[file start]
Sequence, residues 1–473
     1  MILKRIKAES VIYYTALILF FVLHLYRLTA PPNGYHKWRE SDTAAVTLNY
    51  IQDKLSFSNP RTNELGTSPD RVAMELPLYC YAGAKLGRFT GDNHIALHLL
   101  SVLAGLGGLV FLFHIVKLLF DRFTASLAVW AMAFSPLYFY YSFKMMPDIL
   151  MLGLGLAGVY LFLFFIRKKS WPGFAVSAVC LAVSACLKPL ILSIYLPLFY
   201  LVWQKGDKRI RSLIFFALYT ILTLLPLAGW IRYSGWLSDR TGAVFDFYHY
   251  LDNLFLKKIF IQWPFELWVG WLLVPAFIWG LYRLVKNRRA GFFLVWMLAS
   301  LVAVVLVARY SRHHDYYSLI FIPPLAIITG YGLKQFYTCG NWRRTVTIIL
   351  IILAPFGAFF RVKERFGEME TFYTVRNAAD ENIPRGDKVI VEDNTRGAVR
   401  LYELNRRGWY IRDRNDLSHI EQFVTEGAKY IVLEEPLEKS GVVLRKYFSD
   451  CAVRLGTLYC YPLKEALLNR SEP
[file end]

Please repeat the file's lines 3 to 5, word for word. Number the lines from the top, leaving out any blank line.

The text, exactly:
    51  IQDKLSFSNP RTNELGTSPD RVAMELPLYC YAGAKLGRFT GDNHIALHLL
   101  SVLAGLGGLV FLFHIVKLLF DRFTASLAVW AMAFSPLYFY YSFKMMPDIL
   151  MLGLGLAGVY LFLFFIRKKS WPGFAVSAVC LAVSACLKPL ILSIYLPLFY